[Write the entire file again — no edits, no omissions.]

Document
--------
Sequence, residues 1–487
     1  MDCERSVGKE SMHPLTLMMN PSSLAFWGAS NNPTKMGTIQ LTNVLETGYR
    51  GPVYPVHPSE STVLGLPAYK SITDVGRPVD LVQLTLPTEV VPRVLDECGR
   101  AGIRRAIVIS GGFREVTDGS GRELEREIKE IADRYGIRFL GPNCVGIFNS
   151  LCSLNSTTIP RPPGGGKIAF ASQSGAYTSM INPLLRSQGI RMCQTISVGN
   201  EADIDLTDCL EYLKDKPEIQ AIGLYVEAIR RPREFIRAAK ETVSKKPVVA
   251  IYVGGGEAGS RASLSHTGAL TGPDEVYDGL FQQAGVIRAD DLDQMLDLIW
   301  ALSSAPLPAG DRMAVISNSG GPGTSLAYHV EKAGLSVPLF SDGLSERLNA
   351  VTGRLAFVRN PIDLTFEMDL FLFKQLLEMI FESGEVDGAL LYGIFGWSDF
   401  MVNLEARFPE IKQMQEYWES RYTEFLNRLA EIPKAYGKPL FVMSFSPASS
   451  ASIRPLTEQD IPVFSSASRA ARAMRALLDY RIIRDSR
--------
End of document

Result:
Sequence, residues 1–487
     1  MDCERSVGKE SMHPLTLMMN PSSLAFWGAS NNPTKMGTIQ LTNVLETGYR
    51  GPVYPVHPSE STVLGLPAYK SITDVGRPVD LVQLTLPTEV VPRVLDECGR
   101  AGIRRAIVIS GGFREVTDGS GRELEREIKE IADRYGIRFL GPNCVGIFNS
   151  LCSLNSTTIP RPPGGGKIAF ASQSGAYTSM INPLLRSQGI RMCQTISVGN
   201  EADIDLTDCL EYLKDKPEIQ AIGLYVEAIR RPREFIRAAK ETVSKKPVVA
   251  IYVGGGEAGS RASLSHTGAL TGPDEVYDGL FQQAGVIRAD DLDQMLDLIW
   301  ALSSAPLPAG DRMAVISNSG GPGTSLAYHV EKAGLSVPLF SDGLSERLNA
   351  VTGRLAFVRN PIDLTFEMDL FLFKQLLEMI FESGEVDGAL LYGIFGWSDF
   401  MVNLEARFPE IKQMQEYWES RYTEFLNRLA EIPKAYGKPL FVMSFSPASS
   451  ASIRPLTEQD IPVFSSASRA ARAMRALLDY RIIRDSR